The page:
The Progressive


A project of Common Dreams

For Immediate Release

Roger Lin

California Bill Would Expand Rooftop Solar to Working-Class Families


A bill to require the California Public Utilities Commission to consider the wider community benefits of rooftop solar was introduced today in the state Assembly. Assembly Bill 2256, sponsored by the Center for Biological Diversity and Environment California, is intended to unwind the commission’s 2023 net-metering policy that gutted the state’s rooftop solar industry.

“This bill will force state regulators to stop shirking their duty and consider renewable energy’s wide-ranging benefits so rooftop solar is available to everyone,” said Roger Lin, a senior attorney at the Center for Biological Diversity. “The commission’s decision to tank the state’s rooftop-solar policy was a gift to corporate utilities and a gut punch to communities and our environment. We’re in a climate emergency, and it’s reckless for the commission to ignore the harm fossil fuels do to our health and environment when it’s making energy decisions.”

The prior net-metering rules were integral to helping California meet the state’s 2020 climate target. Yet in December 2022, the commission dramatically revised the program and slashed compensation for rooftop-solar investments, including for renters in disadvantaged communities. Since these changes took effect last April, rooftop-solar project sales have plummeted up to 85% and layoffs have been widespread.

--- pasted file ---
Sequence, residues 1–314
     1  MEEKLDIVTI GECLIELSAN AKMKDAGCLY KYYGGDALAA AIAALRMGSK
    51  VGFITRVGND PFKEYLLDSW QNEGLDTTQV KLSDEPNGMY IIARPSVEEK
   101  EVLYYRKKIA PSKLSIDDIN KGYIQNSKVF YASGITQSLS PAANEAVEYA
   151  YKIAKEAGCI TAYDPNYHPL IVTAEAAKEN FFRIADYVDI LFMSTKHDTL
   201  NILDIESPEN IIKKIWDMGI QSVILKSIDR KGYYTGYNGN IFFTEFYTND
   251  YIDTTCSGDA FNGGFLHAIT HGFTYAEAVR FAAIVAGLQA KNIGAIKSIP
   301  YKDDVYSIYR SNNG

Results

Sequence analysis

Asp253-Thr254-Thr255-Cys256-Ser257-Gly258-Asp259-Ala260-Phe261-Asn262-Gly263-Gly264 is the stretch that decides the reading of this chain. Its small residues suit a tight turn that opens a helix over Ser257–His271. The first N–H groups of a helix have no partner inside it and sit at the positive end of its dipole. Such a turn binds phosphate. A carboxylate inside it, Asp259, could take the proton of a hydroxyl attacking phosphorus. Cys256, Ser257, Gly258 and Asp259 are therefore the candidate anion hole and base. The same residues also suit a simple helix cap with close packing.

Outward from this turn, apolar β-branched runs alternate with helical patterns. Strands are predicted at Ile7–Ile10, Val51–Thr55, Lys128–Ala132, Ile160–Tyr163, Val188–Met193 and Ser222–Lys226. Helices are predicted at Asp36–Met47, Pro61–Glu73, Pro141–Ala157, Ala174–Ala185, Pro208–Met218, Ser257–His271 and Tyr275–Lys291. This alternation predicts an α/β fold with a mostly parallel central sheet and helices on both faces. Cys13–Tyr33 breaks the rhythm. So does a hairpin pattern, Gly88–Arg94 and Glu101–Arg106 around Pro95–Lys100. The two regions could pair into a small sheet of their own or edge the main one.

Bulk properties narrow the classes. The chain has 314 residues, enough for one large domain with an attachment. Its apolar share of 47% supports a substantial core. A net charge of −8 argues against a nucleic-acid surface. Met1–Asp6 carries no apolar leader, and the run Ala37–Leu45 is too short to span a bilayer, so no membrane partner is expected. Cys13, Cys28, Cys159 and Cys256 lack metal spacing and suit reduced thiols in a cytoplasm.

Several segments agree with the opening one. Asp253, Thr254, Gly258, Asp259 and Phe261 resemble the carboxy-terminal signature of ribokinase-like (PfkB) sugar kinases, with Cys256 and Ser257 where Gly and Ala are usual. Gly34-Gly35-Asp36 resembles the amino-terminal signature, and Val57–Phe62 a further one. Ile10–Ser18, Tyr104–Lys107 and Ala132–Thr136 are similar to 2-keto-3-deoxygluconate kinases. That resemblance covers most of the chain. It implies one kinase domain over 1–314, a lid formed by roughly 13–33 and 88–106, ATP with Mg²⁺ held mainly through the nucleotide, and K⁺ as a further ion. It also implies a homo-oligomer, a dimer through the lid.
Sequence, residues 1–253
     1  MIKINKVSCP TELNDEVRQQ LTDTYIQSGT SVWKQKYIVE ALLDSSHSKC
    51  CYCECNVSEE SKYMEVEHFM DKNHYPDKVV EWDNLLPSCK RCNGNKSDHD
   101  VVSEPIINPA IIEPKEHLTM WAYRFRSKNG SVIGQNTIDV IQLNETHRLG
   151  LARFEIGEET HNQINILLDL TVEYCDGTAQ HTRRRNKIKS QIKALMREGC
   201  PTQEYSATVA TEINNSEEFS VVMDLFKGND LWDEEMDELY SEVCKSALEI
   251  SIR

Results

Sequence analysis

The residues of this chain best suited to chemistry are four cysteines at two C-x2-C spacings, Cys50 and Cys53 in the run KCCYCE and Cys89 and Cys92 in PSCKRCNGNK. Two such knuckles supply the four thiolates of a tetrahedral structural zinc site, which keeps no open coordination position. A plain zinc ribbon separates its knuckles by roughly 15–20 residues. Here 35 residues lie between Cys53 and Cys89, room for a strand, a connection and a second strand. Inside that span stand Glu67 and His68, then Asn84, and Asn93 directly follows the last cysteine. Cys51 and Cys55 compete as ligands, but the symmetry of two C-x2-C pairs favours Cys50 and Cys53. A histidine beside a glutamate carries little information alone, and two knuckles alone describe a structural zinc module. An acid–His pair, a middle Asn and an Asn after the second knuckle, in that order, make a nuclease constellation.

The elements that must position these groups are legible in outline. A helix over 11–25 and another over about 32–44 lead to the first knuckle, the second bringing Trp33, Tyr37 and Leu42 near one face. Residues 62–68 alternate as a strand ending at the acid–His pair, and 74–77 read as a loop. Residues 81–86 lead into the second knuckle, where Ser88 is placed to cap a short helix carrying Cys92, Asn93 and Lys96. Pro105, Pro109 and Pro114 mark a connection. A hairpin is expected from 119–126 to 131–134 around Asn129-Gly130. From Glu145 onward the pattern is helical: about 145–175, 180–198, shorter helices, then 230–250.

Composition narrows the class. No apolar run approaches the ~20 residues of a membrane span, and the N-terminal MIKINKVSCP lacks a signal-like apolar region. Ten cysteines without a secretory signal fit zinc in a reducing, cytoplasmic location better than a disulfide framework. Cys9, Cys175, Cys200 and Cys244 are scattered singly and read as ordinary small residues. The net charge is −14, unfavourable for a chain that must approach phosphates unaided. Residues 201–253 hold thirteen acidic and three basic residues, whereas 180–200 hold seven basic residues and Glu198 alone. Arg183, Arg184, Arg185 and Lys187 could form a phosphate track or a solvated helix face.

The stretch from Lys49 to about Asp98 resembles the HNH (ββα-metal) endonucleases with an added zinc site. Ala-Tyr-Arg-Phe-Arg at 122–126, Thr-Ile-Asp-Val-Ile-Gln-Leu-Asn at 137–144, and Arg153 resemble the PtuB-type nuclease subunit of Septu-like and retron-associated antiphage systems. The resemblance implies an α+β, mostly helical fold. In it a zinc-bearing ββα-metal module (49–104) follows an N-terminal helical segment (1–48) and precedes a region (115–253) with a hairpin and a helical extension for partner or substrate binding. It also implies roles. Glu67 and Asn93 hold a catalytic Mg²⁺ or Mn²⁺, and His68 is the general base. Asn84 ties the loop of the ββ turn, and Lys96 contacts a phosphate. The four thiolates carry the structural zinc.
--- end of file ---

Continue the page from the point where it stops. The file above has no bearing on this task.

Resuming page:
The Center, The Protect Our Communities Foundation and the Environmental Working Group challenged the policy, but the commission and a state appeals court refused to reconsider it. In January the groups asked the California Supreme Court to overturn the policy.

The bill’s introduction comes as a new report celebrates the dramatic growth of rooftop-solar power over the past decade. The report, from Environment California Research & Policy Center and Frontier Group, recommends policies to keep rooftop solar growing, including considering all of its benefits. These benefits include reducing fossil fuel dependence, easing strain on the grid during high electricity demand, increasing resilience to threats like extreme weather, and limiting the amount of land needed for clean energy — all at a steadily falling cost.

The California Air Resources Board has said the state needs to double its rooftop solar to meet California’s next climate targets, which include reducing greenhouse gas emissions 40% by 2030.

“How can we weigh the costs and benefits of rooftop solar without considering all the benefits to our health, our neighbors and what’s left of our open spaces?” said Lin. “This is not a zero-sum game. We can’t ignore our climate, the urgent need for energy justice, and the significant community benefits of rooftop solar and expect to have a fighting chance against climate change.”

At the Center for Biological Diversity, we believe that the welfare of human beings is deeply linked to nature — to the existence in our world of a vast diversity of wild animals and plants. Because diversity has intrinsic value, and because its loss impoverishes society, we work to secure a future for all species, great and small, hovering on the brink of extinction. We do so through science, law and creative media, with a focus on protecting the lands, waters and climate that species need to survive.

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